What are Consensus Algorithms?

What is a Consensus Algorithm?

Consensus algorithms are mechanisms that allow users or machines to coordinate in a distributed environment. It must ensure that all members of a system can agree on a single source of truth, even if some of the members fail. THEby the way, the system must be fault tolerant.

In a centralized configuration, a single entity has power over the system. In most cases, she can make any changes she wants—there isn't a complex governance system for gaining consensus among multiple administrators.

In a decentralized setting, it's quite different. Let's say we're working with a distributed database — how do we agree on which entries are added?

Overcoming this challenge in an environment where strangers don't trust each other was perhaps the most important development that paved the way for block chains. In this article, we will see how consensus algorithms are vital to the functioning of Cryptocurrencies and distributed ledgers.

Consensus Algorithms and Cryptocurrencies

In Cryptocurrencies, user balances are recorded in a database — the block chain (Blockchain). It is essential that all users (nodes/nodes) maintain an identical copy of the database. Otherwise, there would be conflicting information, jeopardizing the whole purpose of a Cryptocurrency network.

Consensus algorithms are mechanisms that allow users or machines to coordinate in a distributed environment. It must ensure that all members of a system can agree on a single source of truth, even if some of the members fail. In fact, the system must be fault tolerant.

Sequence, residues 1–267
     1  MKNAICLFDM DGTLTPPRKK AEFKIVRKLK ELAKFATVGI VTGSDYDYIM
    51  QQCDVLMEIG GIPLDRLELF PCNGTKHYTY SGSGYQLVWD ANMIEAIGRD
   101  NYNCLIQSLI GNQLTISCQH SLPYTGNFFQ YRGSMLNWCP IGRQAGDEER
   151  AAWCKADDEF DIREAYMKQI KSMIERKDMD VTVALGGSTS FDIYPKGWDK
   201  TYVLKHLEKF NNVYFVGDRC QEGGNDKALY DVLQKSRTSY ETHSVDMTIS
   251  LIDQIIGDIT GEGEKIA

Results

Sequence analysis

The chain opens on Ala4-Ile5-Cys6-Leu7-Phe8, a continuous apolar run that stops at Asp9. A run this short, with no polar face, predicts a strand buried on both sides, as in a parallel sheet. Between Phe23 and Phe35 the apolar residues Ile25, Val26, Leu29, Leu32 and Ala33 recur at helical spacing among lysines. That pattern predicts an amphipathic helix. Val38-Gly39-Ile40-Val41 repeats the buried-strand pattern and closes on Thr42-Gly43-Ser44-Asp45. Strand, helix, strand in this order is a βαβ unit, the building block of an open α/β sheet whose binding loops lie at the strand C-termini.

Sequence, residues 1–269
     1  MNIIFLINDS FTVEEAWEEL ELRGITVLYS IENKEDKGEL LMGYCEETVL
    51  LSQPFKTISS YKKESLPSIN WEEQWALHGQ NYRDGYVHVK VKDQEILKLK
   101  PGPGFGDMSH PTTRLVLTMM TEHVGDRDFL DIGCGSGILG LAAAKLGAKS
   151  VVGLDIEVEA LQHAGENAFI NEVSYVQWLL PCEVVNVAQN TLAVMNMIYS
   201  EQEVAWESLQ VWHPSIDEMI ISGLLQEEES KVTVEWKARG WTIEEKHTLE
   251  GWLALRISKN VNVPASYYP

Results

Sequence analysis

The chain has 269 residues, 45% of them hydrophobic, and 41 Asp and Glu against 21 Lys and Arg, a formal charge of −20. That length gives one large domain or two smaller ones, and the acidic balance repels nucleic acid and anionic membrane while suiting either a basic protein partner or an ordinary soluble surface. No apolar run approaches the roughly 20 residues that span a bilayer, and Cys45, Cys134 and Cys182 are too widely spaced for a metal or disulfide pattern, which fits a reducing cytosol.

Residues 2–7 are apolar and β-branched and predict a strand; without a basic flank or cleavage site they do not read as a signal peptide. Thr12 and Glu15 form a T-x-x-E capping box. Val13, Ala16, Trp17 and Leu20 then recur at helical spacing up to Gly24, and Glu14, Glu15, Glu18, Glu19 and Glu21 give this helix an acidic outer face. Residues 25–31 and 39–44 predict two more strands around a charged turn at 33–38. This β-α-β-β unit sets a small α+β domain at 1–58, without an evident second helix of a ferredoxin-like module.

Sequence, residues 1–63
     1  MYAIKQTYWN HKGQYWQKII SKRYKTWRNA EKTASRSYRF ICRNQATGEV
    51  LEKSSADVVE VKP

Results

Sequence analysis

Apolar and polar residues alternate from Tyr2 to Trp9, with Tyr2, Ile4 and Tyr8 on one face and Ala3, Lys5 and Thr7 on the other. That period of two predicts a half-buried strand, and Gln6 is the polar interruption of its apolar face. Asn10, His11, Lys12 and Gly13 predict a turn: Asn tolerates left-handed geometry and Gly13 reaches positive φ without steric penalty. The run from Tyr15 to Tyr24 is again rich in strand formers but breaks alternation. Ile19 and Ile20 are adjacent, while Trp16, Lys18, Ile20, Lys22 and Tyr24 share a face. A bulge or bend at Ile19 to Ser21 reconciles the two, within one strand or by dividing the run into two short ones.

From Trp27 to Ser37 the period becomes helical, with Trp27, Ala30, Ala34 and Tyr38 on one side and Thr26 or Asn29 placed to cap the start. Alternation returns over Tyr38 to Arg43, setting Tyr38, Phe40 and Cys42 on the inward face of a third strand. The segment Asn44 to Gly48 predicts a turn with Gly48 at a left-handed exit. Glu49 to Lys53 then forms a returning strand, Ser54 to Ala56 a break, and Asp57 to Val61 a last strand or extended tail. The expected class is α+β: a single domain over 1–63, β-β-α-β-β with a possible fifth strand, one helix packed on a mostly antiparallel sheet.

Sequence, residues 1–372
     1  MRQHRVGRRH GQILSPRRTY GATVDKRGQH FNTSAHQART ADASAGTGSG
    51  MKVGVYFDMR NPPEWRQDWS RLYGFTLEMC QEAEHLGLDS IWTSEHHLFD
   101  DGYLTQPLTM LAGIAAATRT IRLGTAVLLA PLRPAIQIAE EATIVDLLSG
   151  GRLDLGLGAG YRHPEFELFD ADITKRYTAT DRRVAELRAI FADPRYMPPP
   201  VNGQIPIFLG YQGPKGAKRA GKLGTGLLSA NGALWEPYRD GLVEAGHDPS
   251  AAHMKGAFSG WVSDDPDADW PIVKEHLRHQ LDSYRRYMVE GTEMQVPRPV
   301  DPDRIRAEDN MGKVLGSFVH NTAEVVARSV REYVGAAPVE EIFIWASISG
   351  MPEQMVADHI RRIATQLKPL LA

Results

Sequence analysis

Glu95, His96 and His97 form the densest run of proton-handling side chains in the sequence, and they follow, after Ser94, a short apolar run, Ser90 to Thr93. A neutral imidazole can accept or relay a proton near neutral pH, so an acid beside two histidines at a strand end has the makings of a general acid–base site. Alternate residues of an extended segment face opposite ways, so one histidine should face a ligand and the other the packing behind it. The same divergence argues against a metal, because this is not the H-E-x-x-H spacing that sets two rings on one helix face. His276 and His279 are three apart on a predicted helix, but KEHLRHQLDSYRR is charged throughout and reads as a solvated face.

Encryption of public key ensures that users cannot spend other people's coins. But it still requires a single source of truth that network participants trust in order to be able to determine whether the funds have already been spent or not.

Satoshi Nakamoto, the creator of Bitcoin, proposed a Proof of Work system to coordinate the participants. We will identify some of the common features of the various consensus algorithms that exist.

First, we require users who want to add blocks (let's call them validators) to provide a membership.

A stake is a type of value that the validator must provide, which discourages them from acting dishonestly. If they cheat, they will lose their share value. Stake examples include computing power, Cryptocurrencies, or even reputation.

Why would they risk their own resources? Also, there is a reward available. Typically, the reward is the protocol's native digital currency and is made up of fees paid by other users, newly generated digital currency units, or both. The last item needed is transparency.

We need to be able to detect when a user is cheating. Ideally, block production should be expensive, but validation by any user should be cheap. This ensures that validators are constantly checked by regular users.

Types of Consensus Algorithms

Proof of Work (PoW)